FILE - General Motors

A $2.3 billion project from General Motors and LG Chem that is expected to create 1,100 jobs in Northeast Ohio may be eligible for subsidies or tax incentives, but such incentives have not yet been agreed upon.

“Any assistance for the project has to go through the appropriate review and approvals before a final agreement can be executed,” Matt Englehart, a spokesperson for JobsOhio, told The Center Square in an email. “After final agreement is executed, assistance for the project will be made public.”

JobsOhio is a nonprofit that works closely with the state to promote economic development. It is funded through a contract with the Division of Liquor Control; its funding is derived from liquor sales, but not tax dollars directly.

On Thursday, the companies announced that they will establish a battery cell assembly plant for battery-powered vehicles on a manufacturing site near Lordstown in Northeast Ohio. According to the announcement, this plant will use the most advanced manufacturing processes available and will be capable of adapting to technological and material advances. The cells will be produced efficiently with little waste, the companies said.

As part of the agreement, GM and LG Chem also will work on advancing battery technology to produce batteries with the best cost per kilowatt-hour in the industry.

“With this investment, Ohio and its highly capable workforce will play a key role in our journey toward a world with zero emissions,” GM Chairman and CEO Mary Barra said in a news release. “Combining our manufacturing expertise with LG Chem’s leading battery-cell technology will help accelerate our pursuit of an all-electric future. We look forward to collaborating with LG Chem on future cell technologies that will continue to improve the value we deliver to our customers.”

Politicians in Ohio and even President Donald Trump had been urging GM to make investments in the region after it shuttered its previous manufacturing plant in Lordstown. Trump and Gov. Mike DeWine had both been in discussions with GM to keep jobs in the region. The former Lordstown plant was eventually sold to an electric automaker startup called Lordstown Motors.

On the morning of the announcement, Lt. Gov. Jon Husted traveled to Warren, Michigan, to witness the companies signing their deal.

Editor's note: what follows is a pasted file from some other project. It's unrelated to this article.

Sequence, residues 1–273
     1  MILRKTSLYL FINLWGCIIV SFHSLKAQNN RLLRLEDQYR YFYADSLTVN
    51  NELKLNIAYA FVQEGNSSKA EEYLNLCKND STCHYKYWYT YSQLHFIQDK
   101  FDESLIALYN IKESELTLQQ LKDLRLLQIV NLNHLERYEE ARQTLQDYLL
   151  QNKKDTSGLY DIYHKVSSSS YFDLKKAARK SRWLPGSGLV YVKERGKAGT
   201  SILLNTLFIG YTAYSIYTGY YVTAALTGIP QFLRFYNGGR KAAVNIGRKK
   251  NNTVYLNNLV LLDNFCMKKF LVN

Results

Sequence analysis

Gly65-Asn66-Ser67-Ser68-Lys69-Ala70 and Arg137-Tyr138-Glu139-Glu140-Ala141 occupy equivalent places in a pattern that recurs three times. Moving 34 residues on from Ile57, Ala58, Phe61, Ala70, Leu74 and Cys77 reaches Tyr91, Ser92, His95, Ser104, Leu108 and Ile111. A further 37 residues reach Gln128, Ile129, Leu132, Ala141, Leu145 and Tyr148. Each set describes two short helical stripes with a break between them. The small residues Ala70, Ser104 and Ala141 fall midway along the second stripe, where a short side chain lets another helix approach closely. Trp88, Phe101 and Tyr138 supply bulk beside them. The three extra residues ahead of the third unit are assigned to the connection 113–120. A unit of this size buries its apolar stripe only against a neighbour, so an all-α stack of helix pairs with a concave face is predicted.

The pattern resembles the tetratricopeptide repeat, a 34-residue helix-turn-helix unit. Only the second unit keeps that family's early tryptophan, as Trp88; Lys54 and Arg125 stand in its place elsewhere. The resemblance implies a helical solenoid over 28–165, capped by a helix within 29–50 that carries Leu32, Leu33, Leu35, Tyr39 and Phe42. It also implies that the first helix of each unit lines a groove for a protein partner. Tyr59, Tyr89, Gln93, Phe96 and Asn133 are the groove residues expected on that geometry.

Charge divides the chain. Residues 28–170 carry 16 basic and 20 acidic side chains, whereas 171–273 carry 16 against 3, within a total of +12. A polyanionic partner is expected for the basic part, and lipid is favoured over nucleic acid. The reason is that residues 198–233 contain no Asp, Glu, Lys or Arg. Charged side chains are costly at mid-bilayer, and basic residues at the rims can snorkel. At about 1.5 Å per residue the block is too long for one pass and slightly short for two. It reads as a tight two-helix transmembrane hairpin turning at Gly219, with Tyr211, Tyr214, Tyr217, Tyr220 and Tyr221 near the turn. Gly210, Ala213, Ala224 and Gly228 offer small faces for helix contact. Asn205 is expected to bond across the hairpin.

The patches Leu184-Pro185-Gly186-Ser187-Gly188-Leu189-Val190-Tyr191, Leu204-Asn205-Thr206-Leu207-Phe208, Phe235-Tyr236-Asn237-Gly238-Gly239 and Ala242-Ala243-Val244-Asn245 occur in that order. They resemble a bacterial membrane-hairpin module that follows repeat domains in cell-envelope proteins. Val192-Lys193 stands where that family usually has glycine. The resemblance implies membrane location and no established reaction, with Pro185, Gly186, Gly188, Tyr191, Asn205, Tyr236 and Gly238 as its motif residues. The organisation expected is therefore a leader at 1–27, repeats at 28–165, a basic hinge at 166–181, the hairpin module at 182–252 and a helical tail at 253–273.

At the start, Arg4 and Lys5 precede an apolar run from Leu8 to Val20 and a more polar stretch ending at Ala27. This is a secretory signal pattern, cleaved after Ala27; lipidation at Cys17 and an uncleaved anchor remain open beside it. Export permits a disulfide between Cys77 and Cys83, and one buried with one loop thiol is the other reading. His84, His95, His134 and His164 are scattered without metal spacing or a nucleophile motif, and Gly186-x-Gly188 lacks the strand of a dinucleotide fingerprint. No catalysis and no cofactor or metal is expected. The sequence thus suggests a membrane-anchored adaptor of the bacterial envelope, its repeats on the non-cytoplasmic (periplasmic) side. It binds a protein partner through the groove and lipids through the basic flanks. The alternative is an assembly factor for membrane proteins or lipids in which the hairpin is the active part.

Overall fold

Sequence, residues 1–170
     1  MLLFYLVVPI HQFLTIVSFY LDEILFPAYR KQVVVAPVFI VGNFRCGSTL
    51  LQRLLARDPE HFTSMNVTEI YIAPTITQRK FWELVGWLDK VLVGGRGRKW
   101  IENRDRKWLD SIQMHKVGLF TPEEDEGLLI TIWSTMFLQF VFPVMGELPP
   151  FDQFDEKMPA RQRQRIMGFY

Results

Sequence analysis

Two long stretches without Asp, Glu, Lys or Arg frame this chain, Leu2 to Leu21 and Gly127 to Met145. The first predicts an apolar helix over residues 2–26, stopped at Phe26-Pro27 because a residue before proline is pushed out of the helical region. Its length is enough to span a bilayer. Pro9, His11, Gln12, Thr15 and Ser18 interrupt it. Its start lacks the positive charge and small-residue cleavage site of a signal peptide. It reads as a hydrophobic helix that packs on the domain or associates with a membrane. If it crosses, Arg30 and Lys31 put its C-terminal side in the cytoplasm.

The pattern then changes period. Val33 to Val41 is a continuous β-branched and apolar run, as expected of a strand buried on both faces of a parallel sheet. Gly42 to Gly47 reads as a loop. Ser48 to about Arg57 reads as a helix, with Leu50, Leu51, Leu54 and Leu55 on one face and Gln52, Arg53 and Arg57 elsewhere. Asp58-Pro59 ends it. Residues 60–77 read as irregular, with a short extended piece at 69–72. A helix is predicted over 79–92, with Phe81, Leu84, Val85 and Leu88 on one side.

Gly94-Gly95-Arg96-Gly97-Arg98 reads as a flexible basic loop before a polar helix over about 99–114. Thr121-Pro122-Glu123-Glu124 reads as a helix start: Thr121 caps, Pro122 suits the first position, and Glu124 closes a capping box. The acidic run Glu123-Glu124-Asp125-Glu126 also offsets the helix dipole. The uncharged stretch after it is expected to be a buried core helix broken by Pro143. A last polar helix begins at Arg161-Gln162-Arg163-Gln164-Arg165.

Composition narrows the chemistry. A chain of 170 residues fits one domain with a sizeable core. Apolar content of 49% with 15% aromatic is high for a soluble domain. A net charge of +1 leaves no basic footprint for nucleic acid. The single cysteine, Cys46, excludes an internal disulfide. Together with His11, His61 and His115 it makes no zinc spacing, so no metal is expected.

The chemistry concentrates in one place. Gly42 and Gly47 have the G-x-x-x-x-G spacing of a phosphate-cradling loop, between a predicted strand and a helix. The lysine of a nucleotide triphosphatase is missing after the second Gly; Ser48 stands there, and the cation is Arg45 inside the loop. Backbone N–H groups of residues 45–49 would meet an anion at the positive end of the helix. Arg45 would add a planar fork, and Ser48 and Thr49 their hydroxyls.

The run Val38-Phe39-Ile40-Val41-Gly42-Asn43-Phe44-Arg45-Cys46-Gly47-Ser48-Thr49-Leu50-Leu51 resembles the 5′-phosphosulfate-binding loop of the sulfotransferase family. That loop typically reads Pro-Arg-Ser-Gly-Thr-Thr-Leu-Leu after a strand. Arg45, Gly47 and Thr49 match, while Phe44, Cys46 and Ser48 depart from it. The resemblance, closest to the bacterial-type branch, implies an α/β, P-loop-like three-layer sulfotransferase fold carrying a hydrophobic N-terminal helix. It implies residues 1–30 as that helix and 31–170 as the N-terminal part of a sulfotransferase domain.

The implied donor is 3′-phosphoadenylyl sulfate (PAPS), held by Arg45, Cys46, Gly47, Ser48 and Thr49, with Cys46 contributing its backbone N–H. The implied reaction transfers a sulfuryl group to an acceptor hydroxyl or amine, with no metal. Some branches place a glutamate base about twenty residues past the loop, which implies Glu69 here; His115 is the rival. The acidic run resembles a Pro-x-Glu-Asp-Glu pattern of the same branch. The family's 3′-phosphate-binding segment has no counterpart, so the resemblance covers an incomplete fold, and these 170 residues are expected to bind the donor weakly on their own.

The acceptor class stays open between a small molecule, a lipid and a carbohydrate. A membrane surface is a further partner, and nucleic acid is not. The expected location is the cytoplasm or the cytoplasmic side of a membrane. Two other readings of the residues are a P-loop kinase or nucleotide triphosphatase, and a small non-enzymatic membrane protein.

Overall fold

“With electric vehicles changing automotive manufacturing, today's announcement is an important win for Ohio, because we are now positioned to play a larger role in the future of the automotive industry," Husted said in a news release. "After months of productive conversation, it was a proud moment to stand alongside General Motors and LG Chem today to officially announce this deal that will create a new generation of jobs for the people of Ohio."

Sen. Michael Rulli, R-Salem, who represents part of Northeast Ohio, said in a statement that the region is on the road to recovery.

"Northeast Ohio is on the rise,” Rulli said. “It didn’t happen overnight, but we are rebounding from tough times and our future looks bright. Today's announcement by GM and LG Chem to invest $2.3 billion in Ohio's automotive industry will surely boost our economy and the opportunities for Ohioans in the Mahoning Valley. This is an important milestone that shows Ohio's policies are working, and I appreciate the hard work and dedication of our state and local leaders.”

Englehart said the investment will support growth in the auto industry and shows confidence in Ohio’s automotive workforce.

Andrew Kidd, an economist at the free-market Buckeye Institute, told The Center Square via email that this announcement is good news, but that there are measures that Ohio can take to strengthen the economy further. 

"Manufacturing in Ohio has taken a hit in 2019, with a loss of 3,700 jobs statewide so far," Kidd said. "Therefore any jobs created in Ohio, especially in this sector, is good news. But what policymakers should do to strengthen Ohio's economy and ensure robust job growth is to create a business- and worker-friendly tax environment by eliminating Ohio's commercial activity tax and reducing income taxes which will allow more Ohioans to keep more of their hard-earned money. Policymakers should also enact policies like the TechCred program that covers some of the training costs that get workers skills that align with what businesses need in their workforce."

Construction will begin mid-2020.

Staff Reporter

Tyler Arnold reports on Virginia and Tennessee for The Center Square. He previously worked for the Cause of Action Institute and has been published in Business Insider, USA TODAY College, National Review Online and the Washington Free Beacon.